In some ways, before writing this book, I was an outlier. In fairness, I had a rough start with Goldblum. I was eight or nine years old the first time I saw him on-screen, and he scared the ever-living shit out of me. My babysitter chose to leave me unsupervised and sit in the other room, flirting with her boyfriend over the phone, and The Fly came on television. I couldn't look away. For weeks, I was plagued with horrible visions of a half-Goldblum, half-housefly creature leaning his head into my room right as I was falling asleep. Of course, these days, some people might welcome such a midnight visitor. Rest assured a young me was not among them.
Given the tremendous range of Goldblum's filmography, I suspect many of you have similarly distinct memories of first seeing the actor. Maybe he represented an exciting life in the city if you first caught him as People magazine journalist Michael Gold in The Big Chill. Maybe seeing him in Jurassic Park as that chiseled brainiac led to an early sexual awakening. Or maybe, like me, he just scared the crap out of you when his DNA merged with that of a common housefly. One way or another, Goldblum was a formative part of childhood for more than one generation of Americans.
But while I had long been aware that seemingly everyone loved Goldblum, I was never quite sure why they still did. It seemed as if his time had passed. Sure, after the whole The Fly incident, I began watching his movies. I respect him as an actor and even adore some of his more bizarre performances, particularly his character in Thor: Ragnarok, to which he brought some seriously surreal, off-kilter energy as the fabulously dressed Grandmaster (who, in one deleted scene, appears to make out with alien tentacles). And Wes Anderson movies always appeal to me about 10 percent more if Goldblum appears in them.
But the fact that he is a living meme? That, I never understood.
The day the statue appeared, I was sitting in the newsroom of the Washington Post, where I work as a reporter for the Style section. I like to believe I excel at my job, but I couldn't understand why the statue existed, much less why it was being so celebrated. After all, that statue of Firth had appeared in the past to such little fanfare. (Sorry, Firth!)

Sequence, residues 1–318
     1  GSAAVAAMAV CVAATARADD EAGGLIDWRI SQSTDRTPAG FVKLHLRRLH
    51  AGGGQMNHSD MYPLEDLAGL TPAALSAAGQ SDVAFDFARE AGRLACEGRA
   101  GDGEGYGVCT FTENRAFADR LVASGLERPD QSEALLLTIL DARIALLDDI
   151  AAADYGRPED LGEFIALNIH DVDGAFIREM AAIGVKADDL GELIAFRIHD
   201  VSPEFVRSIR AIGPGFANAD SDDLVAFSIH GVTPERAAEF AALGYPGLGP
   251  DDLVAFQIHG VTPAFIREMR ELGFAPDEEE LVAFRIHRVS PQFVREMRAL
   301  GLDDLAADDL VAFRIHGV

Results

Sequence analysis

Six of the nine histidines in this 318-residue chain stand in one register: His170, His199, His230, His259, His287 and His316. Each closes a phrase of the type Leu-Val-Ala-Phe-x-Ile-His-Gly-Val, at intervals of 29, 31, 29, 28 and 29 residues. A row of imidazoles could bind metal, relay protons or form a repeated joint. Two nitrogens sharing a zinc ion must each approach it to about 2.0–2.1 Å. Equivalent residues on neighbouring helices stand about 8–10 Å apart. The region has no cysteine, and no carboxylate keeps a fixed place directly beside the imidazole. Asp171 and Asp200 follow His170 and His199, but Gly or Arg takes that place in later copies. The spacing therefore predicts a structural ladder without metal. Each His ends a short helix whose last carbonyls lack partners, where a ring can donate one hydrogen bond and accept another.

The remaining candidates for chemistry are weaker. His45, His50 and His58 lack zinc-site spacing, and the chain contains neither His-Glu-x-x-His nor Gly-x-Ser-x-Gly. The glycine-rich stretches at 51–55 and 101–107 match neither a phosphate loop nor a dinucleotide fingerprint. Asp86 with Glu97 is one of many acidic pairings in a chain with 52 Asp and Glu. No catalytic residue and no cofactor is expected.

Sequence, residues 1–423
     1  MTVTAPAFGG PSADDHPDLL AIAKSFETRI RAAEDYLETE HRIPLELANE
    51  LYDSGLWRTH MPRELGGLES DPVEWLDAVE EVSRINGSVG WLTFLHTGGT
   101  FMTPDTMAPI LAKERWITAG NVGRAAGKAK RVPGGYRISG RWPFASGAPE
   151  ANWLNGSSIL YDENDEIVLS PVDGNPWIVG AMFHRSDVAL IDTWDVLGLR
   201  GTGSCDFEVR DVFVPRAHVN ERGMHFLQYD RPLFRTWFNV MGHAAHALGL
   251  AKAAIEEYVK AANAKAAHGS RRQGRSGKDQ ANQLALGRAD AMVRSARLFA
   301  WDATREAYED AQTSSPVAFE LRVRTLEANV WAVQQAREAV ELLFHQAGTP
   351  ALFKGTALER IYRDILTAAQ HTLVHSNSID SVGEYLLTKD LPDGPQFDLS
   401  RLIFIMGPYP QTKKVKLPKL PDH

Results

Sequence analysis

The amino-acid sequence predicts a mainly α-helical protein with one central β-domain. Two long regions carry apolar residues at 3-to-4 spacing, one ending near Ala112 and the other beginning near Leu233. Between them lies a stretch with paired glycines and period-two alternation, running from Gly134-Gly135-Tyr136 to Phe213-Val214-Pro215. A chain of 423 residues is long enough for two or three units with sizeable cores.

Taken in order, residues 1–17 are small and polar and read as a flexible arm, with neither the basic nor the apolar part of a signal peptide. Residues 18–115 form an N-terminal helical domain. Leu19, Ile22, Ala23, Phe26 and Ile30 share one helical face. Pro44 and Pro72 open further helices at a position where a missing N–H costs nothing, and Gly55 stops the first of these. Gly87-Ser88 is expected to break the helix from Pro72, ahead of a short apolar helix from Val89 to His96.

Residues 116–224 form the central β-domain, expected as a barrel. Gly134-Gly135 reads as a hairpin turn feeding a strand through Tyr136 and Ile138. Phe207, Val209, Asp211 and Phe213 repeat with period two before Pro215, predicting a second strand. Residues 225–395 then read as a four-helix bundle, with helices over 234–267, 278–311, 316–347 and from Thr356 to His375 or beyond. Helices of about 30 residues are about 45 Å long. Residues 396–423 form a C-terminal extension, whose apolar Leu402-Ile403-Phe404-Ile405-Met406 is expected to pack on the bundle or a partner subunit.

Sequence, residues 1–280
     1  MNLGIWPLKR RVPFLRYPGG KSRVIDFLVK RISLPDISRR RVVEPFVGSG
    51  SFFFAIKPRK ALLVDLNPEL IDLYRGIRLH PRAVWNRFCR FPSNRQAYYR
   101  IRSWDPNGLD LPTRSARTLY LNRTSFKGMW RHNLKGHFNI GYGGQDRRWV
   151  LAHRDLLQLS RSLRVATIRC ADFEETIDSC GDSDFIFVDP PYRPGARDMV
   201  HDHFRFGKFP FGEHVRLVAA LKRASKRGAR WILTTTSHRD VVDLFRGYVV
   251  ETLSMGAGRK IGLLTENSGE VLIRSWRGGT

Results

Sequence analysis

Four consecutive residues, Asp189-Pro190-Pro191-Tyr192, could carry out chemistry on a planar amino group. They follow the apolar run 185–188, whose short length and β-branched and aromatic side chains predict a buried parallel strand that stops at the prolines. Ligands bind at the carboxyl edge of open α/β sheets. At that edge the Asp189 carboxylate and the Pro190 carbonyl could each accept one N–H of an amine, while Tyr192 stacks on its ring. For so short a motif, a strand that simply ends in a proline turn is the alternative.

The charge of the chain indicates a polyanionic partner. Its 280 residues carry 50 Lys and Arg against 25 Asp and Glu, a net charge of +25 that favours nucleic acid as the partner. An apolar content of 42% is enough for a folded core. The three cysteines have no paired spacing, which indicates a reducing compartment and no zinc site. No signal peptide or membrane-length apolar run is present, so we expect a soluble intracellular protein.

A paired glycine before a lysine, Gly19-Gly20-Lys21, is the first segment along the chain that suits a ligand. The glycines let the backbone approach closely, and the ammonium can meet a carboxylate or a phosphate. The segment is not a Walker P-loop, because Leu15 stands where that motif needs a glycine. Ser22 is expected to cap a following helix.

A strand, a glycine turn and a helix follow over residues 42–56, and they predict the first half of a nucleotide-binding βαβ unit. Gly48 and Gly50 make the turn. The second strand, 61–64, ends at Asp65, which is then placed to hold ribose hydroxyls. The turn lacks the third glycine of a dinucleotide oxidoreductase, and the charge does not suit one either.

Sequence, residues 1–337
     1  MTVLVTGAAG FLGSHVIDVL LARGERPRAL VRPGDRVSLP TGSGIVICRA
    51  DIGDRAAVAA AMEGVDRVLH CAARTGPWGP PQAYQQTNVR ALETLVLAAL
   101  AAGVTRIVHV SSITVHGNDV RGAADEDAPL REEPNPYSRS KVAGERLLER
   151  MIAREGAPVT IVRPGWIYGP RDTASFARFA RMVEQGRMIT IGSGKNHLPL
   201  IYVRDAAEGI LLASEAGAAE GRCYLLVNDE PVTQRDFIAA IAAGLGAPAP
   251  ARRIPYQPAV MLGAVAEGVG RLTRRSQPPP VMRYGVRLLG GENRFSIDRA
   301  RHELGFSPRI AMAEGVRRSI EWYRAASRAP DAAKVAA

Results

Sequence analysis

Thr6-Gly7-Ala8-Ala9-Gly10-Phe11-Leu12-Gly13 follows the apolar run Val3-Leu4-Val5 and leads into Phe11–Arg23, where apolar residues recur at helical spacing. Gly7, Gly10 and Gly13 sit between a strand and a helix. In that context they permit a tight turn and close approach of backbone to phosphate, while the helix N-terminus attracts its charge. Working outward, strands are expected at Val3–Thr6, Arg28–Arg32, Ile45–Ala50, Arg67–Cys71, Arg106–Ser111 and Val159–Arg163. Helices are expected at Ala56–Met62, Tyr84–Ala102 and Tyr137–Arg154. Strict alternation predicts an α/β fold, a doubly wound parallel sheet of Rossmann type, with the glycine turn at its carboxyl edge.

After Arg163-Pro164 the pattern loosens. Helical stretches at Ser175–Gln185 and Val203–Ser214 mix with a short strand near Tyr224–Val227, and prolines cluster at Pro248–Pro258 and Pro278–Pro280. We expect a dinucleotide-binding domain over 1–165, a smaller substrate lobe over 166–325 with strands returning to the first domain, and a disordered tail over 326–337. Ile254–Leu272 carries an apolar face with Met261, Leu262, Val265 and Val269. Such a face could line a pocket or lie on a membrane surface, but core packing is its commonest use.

I asked several of my Style colleagues the same question, only to be met with the same answer.
ME: I just don't get it. Why are people so nuts for Jeff Goldblum?
MORE INFORMED PERSON: Because he's Jeff Goldblum!
Understanding this was the correct answer, but still unsatisfied with it and vaguely bored, I decided it'd be fun to figure out why Goldblum is so universally famous, so beloved, and so devoid of controversy, scandal, and haters. It seemed like a better usage of my time than watching the middle portion of Goodfellas on TBS for like the fiftieth time.
The story of his fame has three potential beginnings. One is a familiar tale, beginning in West Homestead, Pennsylvania, that includes a dream of acting and a move to New York City. The second is unique, involving a number of dinosaurs, houseflies, big screens, and sex appeal. The third would seem downright bizarre in any other decade, for it involves the actor's watching you poop.
Strangely, it's this third story that cemented him as a modern-day hero.
The late-stage careers of aging actors in the new millennium generally follow a a few well-worn paths. Some retire, others burn out, and others still have their careers sunk by scandal. But the most common one involves starsÕ aging like fine wines. As they earn stately wrinkles and regal gray coiffures, many former heartthrobs take on Serious Oscar-bait roles or choose to play against type in popcorn flicks-while mostly remaining out of the spotlight, particularly the sort of spotlight that comes with the viral social media stunts that have become the bread and butter of modern fame. (Think Adam Sandler crashing a wedding photo shoot. Or Tom Hanks crashing a wedding photo shoot. Or Will and Jada Pinkett Smith crashing a wedding photo shoot. Or . . . well, you probably get the point.)